Keywords: Epidermal growth factor, facial aesthetics, regenerative medicine, skin aging, skin ulcers

How to cite this article:
Miller-Kobisher B, Suárez-Vega DV, Velazco de Maldonado GJ. Epidermal growth factor in aesthetics and regenerative medicine: Systematic review. J Cutan Aesthet Surg 2021;14:137-46

How to cite this URL:
Miller-Kobisher B, Suárez-Vega DV, Velazco de Maldonado GJ. Epidermal growth factor in aesthetics and regenerative medicine: Systematic review. J Cutan Aesthet Surg [serial online] 2021 [cited 2022 Jan 17];14:137-46. Available from: https://www.jcasonline.com/text.asp?2021/14/2/137/323554





   Key messages: Top


  • Similarities exist between the aging skin and wound healing, and mostly they involve the same oxidation and repair mechanisms


  • In both cases, it is necessary to biostimulate fibroblasts and keratinocytes, inducing dermal restructuring.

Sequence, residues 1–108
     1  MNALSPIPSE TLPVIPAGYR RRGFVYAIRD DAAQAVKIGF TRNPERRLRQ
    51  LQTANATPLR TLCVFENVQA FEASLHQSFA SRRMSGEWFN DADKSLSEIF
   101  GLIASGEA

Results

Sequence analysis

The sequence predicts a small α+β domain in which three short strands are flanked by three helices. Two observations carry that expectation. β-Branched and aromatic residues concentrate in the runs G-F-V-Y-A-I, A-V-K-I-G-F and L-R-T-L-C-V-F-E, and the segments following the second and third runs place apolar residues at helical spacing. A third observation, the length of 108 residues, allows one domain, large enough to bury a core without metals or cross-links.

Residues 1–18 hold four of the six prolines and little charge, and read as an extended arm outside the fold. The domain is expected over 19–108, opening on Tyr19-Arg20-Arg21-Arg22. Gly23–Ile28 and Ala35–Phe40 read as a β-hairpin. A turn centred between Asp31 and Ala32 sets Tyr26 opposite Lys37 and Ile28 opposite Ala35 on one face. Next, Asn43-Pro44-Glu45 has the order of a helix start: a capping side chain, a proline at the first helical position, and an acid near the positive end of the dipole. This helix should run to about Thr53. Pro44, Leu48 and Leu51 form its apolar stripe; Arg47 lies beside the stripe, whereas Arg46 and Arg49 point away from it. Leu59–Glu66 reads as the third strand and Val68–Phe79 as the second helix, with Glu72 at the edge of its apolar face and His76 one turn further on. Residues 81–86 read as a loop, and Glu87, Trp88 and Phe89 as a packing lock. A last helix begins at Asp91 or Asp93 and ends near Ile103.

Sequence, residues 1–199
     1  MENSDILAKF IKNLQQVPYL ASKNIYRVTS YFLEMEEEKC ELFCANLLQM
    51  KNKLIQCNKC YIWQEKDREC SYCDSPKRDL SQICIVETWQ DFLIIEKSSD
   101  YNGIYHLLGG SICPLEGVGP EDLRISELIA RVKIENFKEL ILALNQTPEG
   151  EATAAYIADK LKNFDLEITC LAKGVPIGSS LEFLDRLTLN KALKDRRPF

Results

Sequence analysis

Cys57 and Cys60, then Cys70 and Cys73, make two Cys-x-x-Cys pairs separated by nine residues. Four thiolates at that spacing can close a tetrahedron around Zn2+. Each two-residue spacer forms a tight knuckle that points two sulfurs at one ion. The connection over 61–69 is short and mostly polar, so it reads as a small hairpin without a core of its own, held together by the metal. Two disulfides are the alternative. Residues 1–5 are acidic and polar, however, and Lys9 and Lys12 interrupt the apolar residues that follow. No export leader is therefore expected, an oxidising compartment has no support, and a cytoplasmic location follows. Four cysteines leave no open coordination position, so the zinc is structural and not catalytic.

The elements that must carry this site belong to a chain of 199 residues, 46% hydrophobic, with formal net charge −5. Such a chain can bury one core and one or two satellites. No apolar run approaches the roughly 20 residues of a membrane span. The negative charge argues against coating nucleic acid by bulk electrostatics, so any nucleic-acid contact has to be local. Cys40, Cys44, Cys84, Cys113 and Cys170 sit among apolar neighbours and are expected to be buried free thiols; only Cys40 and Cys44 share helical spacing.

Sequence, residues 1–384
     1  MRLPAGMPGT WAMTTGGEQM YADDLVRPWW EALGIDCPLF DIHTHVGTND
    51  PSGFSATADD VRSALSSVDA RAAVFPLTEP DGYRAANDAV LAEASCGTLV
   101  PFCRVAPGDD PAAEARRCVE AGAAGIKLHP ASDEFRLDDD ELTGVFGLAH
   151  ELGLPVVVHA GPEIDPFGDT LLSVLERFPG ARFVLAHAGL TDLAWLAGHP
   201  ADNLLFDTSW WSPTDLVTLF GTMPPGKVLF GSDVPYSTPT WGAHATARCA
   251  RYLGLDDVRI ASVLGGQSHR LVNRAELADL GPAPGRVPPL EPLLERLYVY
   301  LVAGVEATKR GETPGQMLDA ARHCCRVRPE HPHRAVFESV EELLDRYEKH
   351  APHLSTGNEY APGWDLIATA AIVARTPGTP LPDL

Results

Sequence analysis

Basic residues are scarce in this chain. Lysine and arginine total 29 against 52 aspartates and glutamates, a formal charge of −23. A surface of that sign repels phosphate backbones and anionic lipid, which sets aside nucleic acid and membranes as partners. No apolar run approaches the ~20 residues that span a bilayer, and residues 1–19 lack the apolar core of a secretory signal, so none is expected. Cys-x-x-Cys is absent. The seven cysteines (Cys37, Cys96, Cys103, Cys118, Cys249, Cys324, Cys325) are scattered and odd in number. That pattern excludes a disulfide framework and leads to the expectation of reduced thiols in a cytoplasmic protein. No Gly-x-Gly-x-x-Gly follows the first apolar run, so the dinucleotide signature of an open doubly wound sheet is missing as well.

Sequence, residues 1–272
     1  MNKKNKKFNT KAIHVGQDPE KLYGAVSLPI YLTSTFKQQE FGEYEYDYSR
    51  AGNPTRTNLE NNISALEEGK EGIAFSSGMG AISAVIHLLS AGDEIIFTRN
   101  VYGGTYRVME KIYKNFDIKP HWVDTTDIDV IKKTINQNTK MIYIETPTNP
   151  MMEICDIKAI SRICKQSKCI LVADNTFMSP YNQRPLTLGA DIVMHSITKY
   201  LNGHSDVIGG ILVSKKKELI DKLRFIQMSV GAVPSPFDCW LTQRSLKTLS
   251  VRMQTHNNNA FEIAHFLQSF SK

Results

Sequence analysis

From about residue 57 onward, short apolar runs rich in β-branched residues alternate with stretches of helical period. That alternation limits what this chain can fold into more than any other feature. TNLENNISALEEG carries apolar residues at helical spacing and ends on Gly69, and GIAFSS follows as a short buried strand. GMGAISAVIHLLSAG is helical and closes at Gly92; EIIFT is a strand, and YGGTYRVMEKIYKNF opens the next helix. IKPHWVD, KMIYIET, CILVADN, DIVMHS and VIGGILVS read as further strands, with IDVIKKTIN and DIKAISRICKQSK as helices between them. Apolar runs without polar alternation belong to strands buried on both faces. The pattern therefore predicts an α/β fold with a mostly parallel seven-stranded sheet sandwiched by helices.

• The EFG is more effectively applied by intradermal injections and using transdermal patches, thereby reducing the rhytids, folds, and hyperpigmentation and accelerating wound healing.



  •    Introduction Top


    In recent years, Epidermal Growth Factor (EGF) has been an important innovation .[1] It is a mitogenic polypeptide that is responsible for the maintenance and protection of the epithelia.[2] Thanks to genetic recombination, effective and clinically safe recombinant EGF (rhEGF) is available.

    On the other hand, there are striking similarities between oxidative events that promote skin aging and the oxidation seen in delayed wound healing. In both cases, the skin’s repair mechanisms are overwhelmed, as the production of growth factors slows down, including the production of EGF.[3]